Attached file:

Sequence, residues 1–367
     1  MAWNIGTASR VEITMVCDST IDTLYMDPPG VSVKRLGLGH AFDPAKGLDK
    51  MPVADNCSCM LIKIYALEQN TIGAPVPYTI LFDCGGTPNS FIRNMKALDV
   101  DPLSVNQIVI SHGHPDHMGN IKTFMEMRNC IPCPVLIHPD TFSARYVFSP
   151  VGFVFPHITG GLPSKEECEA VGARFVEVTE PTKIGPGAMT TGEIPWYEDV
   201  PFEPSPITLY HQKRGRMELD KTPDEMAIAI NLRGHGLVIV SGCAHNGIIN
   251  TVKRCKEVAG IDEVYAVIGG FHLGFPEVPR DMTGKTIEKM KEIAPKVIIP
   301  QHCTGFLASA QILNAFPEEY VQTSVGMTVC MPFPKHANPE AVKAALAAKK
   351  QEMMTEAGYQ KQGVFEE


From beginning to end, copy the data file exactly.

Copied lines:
Sequence, residues 1–367
     1  MAWNIGTASR VEITMVCDST IDTLYMDPPG VSVKRLGLGH AFDPAKGLDK
    51  MPVADNCSCM LIKIYALEQN TIGAPVPYTI LFDCGGTPNS FIRNMKALDV
   101  DPLSVNQIVI SHGHPDHMGN IKTFMEMRNC IPCPVLIHPD TFSARYVFSP
   151  VGFVFPHITG GLPSKEECEA VGARFVEVTE PTKIGPGAMT TGEIPWYEDV
   201  PFEPSPITLY HQKRGRMELD KTPDEMAIAI NLRGHGLVIV SGCAHNGIIN
   251  TVKRCKEVAG IDEVYAVIGG FHLGFPEVPR DMTGKTIEKM KEIAPKVIIP
   301  QHCTGFLASA QILNAFPEEY VQTSVGMTVC MPFPKHANPE AVKAALAAKK
   351  QEMMTEAGYQ KQGVFEE